Reprinted from CRAIN'S CHICAGO BUSINESS, December 6, 2004
Rail access to grow at intermodal hubs
Tenants at CenterPoint park near Joliet soon to have another option
Warehouse operators at the sprawling CenterPoint Intermodal Center near Joliet will soon have a choice of freight railroads serving the industrial park.
Owner CenterPoint Properties Trust is building a 2 ½-mile rail line to connect the park's network of train tracks and warehouses to the Union Pacific Railroad's line near the eastern edge of the park. Since the park opened in 2002 on the site of the old Joliet Arsenal, Fort Worth, Texas-based Burlington Northern Santa Fe Railway has been the only railroad serving it.
That left rail-dependent warehouse operators vulnerable to shipping rate hikes or service disruptions at Burlington Northern. CenterPoint considers access to multiple railroads a key selling point for the park, about half of which has direct rail access.
"The intent is to keep a competitive (rail) environment for the occupants of the park and keep a safety valve for getting goods in or getting goods out," says Sean Maher, senior vice-president for development for Oak Brookbased CenterPoint Properties Trust. "If you have more than one railroad, it's a valuable asset."
CenterPoint won't reveal the cost of the branch line, which should be completed by spring. Mr. Maher says the connection with the Union Pacific has always been part of the plan for the park.
ROOM TO EXPAND
CenterPoint and Burlington Northern together have invested more than $500 million in the park. About 1,100 acres is available for warehouse and light manufacturing buildings, with another 612 acres for rail yards. Some 3.4 million square feet of warehouse space has been built; that could grow to 12 million when the park is complete in about a decade, CenterPoint says. The center totals about 2,000 acres, of which about 45% has been developed.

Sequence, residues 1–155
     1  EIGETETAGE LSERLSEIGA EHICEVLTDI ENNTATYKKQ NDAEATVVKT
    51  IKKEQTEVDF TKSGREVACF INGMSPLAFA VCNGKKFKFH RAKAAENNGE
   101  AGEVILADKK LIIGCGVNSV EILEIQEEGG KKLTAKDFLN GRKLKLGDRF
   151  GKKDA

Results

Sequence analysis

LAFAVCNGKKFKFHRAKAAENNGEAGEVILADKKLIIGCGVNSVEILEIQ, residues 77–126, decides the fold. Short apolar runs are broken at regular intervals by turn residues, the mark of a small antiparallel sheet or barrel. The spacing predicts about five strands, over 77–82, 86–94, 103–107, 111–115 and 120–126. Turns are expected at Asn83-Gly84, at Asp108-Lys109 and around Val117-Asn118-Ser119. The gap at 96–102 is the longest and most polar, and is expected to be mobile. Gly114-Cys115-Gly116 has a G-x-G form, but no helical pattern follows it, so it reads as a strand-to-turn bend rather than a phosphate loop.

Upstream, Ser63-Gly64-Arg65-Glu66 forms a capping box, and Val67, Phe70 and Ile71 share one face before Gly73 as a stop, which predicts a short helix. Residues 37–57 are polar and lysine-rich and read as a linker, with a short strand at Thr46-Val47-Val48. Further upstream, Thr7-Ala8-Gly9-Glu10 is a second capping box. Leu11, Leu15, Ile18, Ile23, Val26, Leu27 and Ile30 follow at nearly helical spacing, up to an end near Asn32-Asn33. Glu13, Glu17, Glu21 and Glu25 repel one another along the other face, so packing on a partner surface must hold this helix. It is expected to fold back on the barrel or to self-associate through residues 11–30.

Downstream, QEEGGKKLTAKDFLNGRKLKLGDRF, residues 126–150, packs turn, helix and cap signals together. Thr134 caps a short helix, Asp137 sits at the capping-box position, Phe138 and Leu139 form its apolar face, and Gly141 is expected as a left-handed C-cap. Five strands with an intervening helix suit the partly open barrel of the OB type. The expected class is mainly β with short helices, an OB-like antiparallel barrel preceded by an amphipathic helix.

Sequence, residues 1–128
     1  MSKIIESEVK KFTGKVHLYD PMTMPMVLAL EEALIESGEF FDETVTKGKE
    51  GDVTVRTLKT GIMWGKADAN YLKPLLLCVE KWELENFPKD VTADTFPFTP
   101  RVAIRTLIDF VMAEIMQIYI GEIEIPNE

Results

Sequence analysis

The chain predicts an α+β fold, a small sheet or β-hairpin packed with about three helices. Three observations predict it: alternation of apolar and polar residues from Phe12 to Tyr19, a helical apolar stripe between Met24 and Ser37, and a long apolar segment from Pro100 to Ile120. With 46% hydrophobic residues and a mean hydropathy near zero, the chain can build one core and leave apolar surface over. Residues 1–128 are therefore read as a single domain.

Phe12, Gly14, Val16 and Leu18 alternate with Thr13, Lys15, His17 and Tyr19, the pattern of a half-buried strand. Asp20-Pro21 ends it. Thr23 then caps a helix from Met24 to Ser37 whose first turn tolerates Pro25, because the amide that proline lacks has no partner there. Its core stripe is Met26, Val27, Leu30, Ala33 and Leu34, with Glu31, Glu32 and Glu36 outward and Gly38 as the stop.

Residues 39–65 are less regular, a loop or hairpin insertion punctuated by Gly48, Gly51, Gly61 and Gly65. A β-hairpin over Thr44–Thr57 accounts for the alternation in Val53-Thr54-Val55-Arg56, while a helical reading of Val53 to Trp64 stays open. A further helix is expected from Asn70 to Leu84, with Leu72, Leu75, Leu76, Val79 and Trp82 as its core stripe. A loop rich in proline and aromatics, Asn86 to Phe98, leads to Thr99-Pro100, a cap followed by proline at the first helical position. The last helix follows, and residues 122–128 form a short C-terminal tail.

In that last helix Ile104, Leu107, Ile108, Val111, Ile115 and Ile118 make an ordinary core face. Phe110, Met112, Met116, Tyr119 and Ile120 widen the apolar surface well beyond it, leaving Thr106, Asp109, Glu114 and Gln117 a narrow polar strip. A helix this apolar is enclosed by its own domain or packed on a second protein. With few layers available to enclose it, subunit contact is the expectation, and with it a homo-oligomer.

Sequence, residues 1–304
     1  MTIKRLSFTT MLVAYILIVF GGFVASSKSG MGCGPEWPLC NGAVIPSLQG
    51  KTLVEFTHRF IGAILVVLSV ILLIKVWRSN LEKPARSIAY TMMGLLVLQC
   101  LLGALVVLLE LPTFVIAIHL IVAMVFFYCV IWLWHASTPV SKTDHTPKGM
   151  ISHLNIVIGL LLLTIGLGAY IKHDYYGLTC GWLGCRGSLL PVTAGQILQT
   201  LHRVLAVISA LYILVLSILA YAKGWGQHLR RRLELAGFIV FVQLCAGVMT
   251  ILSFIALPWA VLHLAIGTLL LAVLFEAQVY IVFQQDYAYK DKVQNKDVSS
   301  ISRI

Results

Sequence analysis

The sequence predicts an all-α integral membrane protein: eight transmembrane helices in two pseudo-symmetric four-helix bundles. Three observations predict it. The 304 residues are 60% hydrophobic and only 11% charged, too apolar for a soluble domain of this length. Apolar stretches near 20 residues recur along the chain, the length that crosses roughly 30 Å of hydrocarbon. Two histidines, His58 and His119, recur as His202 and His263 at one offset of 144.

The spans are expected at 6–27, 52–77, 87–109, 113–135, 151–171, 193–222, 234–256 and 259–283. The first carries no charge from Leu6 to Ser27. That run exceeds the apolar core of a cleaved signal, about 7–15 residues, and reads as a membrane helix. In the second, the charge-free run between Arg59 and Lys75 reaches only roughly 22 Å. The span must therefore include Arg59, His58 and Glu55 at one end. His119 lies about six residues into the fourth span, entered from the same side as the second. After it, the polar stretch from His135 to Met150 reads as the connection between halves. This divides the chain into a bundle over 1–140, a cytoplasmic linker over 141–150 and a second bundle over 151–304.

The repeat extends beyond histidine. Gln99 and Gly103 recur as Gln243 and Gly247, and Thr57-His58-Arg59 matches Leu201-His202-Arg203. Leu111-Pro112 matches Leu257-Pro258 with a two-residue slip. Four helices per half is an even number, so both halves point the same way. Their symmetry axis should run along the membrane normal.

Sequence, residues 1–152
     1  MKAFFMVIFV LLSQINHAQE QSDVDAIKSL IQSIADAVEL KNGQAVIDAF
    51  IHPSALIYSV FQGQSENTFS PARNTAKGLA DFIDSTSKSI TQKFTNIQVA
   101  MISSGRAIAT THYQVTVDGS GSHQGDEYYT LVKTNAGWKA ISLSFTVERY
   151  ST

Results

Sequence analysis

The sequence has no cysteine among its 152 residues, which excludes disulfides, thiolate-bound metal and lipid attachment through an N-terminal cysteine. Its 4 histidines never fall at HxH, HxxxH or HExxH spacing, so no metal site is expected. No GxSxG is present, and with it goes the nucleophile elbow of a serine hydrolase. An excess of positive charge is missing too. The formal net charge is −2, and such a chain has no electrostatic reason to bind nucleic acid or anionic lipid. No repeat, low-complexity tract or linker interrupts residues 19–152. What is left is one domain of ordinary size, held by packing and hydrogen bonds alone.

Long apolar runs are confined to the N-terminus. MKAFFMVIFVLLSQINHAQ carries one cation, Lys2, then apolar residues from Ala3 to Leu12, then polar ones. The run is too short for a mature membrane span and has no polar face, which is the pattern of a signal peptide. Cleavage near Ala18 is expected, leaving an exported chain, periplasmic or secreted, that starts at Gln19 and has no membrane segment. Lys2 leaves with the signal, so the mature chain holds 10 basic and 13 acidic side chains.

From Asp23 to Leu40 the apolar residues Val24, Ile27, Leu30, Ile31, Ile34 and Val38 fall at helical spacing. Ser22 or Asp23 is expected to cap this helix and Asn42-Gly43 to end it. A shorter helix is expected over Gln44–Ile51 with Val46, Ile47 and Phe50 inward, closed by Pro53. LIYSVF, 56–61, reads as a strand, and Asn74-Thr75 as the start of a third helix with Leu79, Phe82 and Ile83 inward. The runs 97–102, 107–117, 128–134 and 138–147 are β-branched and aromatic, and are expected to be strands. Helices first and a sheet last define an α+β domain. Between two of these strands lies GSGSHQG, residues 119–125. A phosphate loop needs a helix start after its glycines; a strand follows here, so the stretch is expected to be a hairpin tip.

Jeff Conover, vice-president of DSC LOGISTICS, a Des Plaines based freight forwarding firm with more than 1 million square feet of warehouse space at CenterPoint Intermodal Center, says Union Pacific service will enable DSC to reroute shipments away from congested rail yards and seaports on the West Coast.
"That'll open up Northern California ports to us, like the Port of Oakland," he says.
Union Pacific's branch line will carry only boxcars, a spokesman says. The railroad doesn't own land at the park for the cranes and other equipment it would need to provide intermodal service, he says. Burlington Northern will remain the only option for park tenants who ship and receive intermodal freight – containers transferred from rail cars to truck trailers.
SURGE IN SHIPPING
Intermodal shipping is surging at the park. From January through October, intermodal lifts – the number of containers lifted off trains or trucks at the park – totaled more than 223,000, up 57% from the same period a year ago. An average of 20,000 automobiles a month also are unloaded or transferred from other rail lines at the park. A Burlington Northern spokesman says figures on boxcar, called "carload," volume are not kept for the park. But the railroad is interested in expanding that business.
"Carload freight represents a huge untapped opportunity out there," he says.
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